My story begins as good ones these days do: with a meme. The meme was “Prelon” – that is, pre-Elon, referring to a time before Elon Musk joined Clubhouse and vibe-shifted that flash-in-the-pan amphitheater away from spatially scattered yet vocally intimate authenticity towards the slick salesmanship of contrepreneurs, scammy NFTs and $5,000 e-books teaching you everything you need to know about investing.

The House of Prelon was a weigh-station tucked away from the toxic highway of Clubhouse, a watering hole for queer and curious listener-ons, a cyberpalace of distinguished, gentle socio-cultural architecture whose entrance was disguised by ferns fussily arranged over a creaky wooden gate such that the whole thing seemed nothing more than a crummy shack. But something about the particular mess of it signaled to your queer and curious listener-on that if he cracked the door open and crawled through its coarse threshold, its interior would transmogrify to reveal glimmering and delightful hidden guts. The HoP voice chatroom was, for a synchronous few weeks in February 2021, perhaps the best place on the internet to reliably wade in and out of fluid, hilarious and masterful conversations. It was a sick auditory genius’s participatory mash-up of The Daily and Who’s Line Is It Anyway, a 24/7 diamond romp of unthinkable intellectual treasures.

The guests (who assumed the nomPrelon” as a conductor’s car does its freighters) touted CVs impressive enough to knock my proverbial socks (Puma, ankle-height, one black, one white) right the-fuck-off.

Prelon Michael was so fervently administrating order to the spontaneously formed meme cult that he seemed to be neglecting his regular duties as CEO of an ad-tech company based in Toronto. Prelon Yang patched in from Taiwan and elucidated the connection between DMT, cryptography and software; Prelon Simone, a Middle-Eastern dissident living in Greece whom Prelon Chris seemed to have a little crush on, made small talk about European politics; Prelon Marlene always started invocations by mentioning she was “hardly smart enough to comment while surrounded by all these geniuses, but…” before regailing us with a tale which included sitting next to Jeff Koons at a dinner party (I later learned her last name was Pompidou).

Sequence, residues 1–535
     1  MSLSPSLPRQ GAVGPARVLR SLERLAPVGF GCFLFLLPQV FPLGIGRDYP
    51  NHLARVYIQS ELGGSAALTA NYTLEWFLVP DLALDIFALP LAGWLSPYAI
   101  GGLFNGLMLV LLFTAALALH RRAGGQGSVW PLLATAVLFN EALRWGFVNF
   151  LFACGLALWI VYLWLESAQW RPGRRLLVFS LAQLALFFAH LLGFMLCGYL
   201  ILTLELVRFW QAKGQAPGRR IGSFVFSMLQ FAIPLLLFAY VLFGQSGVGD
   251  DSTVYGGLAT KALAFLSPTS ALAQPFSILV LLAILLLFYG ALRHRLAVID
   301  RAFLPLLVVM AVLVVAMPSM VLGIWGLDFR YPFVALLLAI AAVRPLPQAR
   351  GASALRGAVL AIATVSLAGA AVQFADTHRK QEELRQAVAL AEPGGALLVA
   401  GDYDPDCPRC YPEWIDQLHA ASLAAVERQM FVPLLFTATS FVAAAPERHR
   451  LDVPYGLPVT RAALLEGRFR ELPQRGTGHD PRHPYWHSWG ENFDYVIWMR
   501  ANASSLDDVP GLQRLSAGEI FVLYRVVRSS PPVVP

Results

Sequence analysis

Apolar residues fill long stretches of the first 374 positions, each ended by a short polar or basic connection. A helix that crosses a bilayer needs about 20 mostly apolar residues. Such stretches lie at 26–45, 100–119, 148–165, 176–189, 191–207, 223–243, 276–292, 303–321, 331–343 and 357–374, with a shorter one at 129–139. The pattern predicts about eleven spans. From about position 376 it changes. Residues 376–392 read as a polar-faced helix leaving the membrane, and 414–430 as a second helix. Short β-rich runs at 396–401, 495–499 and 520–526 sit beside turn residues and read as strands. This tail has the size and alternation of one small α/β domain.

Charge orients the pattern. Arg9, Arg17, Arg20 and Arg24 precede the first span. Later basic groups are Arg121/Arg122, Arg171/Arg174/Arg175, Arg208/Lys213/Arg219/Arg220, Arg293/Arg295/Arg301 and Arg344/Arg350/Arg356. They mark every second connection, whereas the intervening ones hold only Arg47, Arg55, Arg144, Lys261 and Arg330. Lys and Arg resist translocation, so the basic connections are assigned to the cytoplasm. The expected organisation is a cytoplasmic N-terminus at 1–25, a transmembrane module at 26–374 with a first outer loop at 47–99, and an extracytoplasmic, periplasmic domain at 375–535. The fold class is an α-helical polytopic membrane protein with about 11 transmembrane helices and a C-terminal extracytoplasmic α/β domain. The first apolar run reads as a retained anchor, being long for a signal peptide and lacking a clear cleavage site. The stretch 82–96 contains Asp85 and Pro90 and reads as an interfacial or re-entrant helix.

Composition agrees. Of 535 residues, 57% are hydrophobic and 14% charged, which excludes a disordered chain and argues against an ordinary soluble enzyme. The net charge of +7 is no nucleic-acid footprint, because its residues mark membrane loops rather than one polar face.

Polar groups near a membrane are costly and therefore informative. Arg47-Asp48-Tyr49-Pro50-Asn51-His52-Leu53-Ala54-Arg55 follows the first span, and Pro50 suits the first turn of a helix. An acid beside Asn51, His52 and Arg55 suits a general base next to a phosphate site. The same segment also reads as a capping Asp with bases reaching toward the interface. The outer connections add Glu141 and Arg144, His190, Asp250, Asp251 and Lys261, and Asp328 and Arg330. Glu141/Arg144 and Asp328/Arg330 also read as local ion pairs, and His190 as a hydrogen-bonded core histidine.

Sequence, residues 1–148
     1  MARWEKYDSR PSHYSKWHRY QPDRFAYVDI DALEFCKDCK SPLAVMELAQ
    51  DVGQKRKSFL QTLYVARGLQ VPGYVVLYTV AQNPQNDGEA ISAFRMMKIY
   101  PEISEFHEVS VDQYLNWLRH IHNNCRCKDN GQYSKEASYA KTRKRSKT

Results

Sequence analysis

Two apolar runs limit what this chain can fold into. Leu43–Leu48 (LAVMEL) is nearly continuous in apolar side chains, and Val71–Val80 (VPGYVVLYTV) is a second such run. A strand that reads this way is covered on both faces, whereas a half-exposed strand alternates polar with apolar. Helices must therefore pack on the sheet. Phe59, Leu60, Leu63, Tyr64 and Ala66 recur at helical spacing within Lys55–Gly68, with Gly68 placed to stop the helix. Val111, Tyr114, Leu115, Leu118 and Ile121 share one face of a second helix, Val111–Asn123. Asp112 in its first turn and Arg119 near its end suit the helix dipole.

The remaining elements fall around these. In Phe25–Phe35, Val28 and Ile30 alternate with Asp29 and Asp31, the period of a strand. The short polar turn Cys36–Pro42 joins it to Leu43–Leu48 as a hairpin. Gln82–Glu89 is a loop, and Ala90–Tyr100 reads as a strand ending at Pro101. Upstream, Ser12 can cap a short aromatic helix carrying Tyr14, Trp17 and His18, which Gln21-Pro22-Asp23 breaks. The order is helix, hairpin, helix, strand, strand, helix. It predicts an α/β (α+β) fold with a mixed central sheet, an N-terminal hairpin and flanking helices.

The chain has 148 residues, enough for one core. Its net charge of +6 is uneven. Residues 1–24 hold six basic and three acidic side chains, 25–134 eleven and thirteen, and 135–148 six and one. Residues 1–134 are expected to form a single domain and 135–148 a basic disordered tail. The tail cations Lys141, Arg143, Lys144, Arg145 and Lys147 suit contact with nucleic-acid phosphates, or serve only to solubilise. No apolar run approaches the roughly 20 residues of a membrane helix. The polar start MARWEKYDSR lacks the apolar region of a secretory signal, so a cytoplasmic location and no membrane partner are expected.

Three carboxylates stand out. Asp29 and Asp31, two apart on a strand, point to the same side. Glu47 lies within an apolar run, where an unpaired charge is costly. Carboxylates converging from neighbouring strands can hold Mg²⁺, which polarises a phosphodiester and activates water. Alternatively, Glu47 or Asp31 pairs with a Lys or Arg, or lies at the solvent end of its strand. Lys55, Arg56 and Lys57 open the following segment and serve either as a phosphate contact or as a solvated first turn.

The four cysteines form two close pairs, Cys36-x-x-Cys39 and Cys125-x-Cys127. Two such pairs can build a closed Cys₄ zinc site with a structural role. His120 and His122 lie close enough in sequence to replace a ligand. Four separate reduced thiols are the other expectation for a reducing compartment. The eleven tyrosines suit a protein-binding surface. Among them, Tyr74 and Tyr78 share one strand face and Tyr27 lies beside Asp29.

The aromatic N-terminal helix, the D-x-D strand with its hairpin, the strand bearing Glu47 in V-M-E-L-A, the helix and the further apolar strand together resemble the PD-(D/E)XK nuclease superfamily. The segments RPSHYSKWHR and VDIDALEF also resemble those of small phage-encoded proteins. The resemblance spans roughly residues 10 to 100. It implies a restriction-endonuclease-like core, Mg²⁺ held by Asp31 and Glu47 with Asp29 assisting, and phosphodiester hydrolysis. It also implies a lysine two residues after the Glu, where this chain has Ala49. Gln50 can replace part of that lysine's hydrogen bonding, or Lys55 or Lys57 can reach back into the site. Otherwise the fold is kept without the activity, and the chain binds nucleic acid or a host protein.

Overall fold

One day, Prelon Amanda asked the room of ten-or-so how to set up a private call with a Chinese engineer (begone, surveillance state!) to discuss a problem her company was having developing new 3D modeling software. I listened as the clan huddled and called the name of Prelon Charlie—who happened to be a Chinese dissident. Summoned by the angelic geometrics of the platform’s “invite-user” tool, Charlie apparated in and proceeded to coach Amanda through the proper risk-informed steps. Anonymously acquire burner phone. Set up a VPN (use such-and-such website). Transmit the number (in such-and-such manner). And so on and so forth. In five minutes the query was answered—elocuted with all the flair and dramatics of a McDonald’s cashier calling “next”. Thusly the conversation bumbled back to the room’s preferred debate topic: whether hotdogs were indeed—sandwiches.